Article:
Top spot on rankings at stake
The Springboks are bristling with confidence that they can break open fortress Eden Park when they face the All Blacks on Saturday in a top-of-table Rugby Championship clash.
South African team officials and players repeatedly spoke this week of taking on New Zealand as being "the ultimate challenge", a theme that re-emerged during Bok skipper Jean de Villiers' weekly captaincy media briefing on Friday.
The All Blacks' incredible home record is there to be broken, De Villiers said as he rated his side's preparation for the Test between the world's top two sides as their "best ever".
History is stacked against the South Africans, with the All Blacks on a 30-match winning streak at Eden Park, a venue where the Springboks last won 76 years ago - when the great 1937 side took the deciding third Test 17-6 (when a try was still worth three points).
The All Blacks also haven't lost at Eden Park since they went down to France in 1994.
Their unbeaten run of 31 Tests there started with an 18-all draw against South Africa in 1994 and continued with 30 consecutive victories.
The All Blacks have not lost anywhere in New Zealand since 2009, when the Springboks beat them 32-29 in Hamilton, and that result, said de Villiers, has proved a huge motivating factor.
"It just shows nothing is impossible," the Bok skipper said.
"It's first of all a massive challenge, but secondly one that we can really look forward to."
The Bok skipper said you could see the whole week that the All Blacks are pretty keen for this game.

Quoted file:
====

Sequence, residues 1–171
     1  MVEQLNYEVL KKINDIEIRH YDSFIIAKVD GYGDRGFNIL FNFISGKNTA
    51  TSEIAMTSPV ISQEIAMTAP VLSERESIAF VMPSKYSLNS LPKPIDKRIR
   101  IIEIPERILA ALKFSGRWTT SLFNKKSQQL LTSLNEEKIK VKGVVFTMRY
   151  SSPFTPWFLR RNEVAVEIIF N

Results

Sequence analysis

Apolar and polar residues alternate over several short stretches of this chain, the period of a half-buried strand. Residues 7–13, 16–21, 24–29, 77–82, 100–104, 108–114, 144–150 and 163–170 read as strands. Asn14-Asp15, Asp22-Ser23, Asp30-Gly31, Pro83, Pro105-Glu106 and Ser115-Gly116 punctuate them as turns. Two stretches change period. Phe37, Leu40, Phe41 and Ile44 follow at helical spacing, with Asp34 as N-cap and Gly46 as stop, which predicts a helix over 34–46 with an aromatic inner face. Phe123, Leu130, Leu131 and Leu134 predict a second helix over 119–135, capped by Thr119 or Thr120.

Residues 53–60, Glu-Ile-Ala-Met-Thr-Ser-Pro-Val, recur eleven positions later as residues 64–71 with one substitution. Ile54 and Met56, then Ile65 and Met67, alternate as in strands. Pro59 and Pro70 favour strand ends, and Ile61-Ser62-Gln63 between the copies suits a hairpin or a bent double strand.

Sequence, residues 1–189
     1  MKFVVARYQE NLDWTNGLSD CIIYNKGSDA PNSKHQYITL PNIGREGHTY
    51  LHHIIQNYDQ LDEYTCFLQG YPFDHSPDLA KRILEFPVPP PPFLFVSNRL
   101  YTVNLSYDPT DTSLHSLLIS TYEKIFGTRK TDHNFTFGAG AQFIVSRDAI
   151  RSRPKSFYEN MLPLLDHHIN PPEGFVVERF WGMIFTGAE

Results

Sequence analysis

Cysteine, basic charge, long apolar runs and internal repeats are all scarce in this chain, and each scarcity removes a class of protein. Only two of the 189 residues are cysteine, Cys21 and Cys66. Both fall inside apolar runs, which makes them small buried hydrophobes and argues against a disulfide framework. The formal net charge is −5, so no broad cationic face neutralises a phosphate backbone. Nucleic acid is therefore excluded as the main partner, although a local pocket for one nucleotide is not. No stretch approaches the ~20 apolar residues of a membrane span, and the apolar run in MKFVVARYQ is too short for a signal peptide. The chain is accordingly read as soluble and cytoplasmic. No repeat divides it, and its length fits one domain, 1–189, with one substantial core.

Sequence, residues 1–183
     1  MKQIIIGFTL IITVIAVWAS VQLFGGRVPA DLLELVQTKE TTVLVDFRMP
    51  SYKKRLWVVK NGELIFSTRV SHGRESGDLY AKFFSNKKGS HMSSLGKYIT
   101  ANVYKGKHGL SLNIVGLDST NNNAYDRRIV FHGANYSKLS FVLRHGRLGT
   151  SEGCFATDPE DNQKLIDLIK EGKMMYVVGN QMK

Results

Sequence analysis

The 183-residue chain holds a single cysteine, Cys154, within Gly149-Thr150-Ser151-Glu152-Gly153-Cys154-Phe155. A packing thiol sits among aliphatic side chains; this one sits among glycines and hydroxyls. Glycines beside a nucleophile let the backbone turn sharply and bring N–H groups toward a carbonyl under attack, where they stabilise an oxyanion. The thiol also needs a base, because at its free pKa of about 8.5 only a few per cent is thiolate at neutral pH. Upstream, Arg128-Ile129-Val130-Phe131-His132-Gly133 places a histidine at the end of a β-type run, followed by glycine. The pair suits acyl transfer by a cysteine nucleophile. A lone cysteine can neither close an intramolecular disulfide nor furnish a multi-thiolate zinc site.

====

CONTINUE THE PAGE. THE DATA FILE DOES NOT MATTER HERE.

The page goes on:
"Everyone is excited about it and looking forward to the game," he said, adding: "Not even thinking bout the result, just looking at the magnitude of the game and the excitement around it.
"As a rugby player and a sportsman, these are the games you want to play in and these are the game you look forward to."
Apart from first place on the Rugby Championship table, top spot on the IRB's world rankings is also at stake.
New Zealand have been the No.1 side in the rankings since 16 November 2009, but defeat against South Africa will see the two sides swap places.
The All Blacks, who have occupied top spot for 82 percent of the time since the rankings were introduced in October 2003, currently have a 2.7 rating point cushion over South Africa at the halfway stage of their Rugby Championship title defence.
However, if South Africa can win that deficit will be turned into at least a 0.44 point advantage.
If Heyneke Meyer's men can win by more than 15 points then South Africa would enjoy a cushion of just over two points.
While De Villiers said the game was "a massive challenge" for the Boks, he felt it is on the field where they are looking to make their biggest statement.
"We want to see constant improvement, maybe not so much on the scoreboard tomorrow [Saturday], but definitely in the way we want to play.
"We came off the field [against Australia] last week, on the scoreboard looking good," he said of a 38-12 win in Brisbane, adding: "But from an execution point of view we could have been better last week.
"That is what we will need tomorrow [Saturday].
"We won't get as many opportunities [against the All Blacks] and we need to use the opportunities we do get. We want to see the improvement that this team has had in the last 12 months and we want to measure ourselves against the best."
He admitted it is a massive challenge, but one they are really look forward to.
"I don't think a lot of people expect us to win."
He was also full of praise for a New Zealand team he rate as one of the best ever.
"They just seem to play better and better every time they get on the park," he said of the World Cup holders.
"It is a special group, this New Zealand side. They have achieved a lot and if you look at the history of rugby, what this group has achieved, they must definitely rank up there as one of the best teams of all time.
"That makes the challenge so much bigger for all of us ... not having won here for so long [not since 1937] and this New Zealand team having achieved so much - our team just want to prove a point."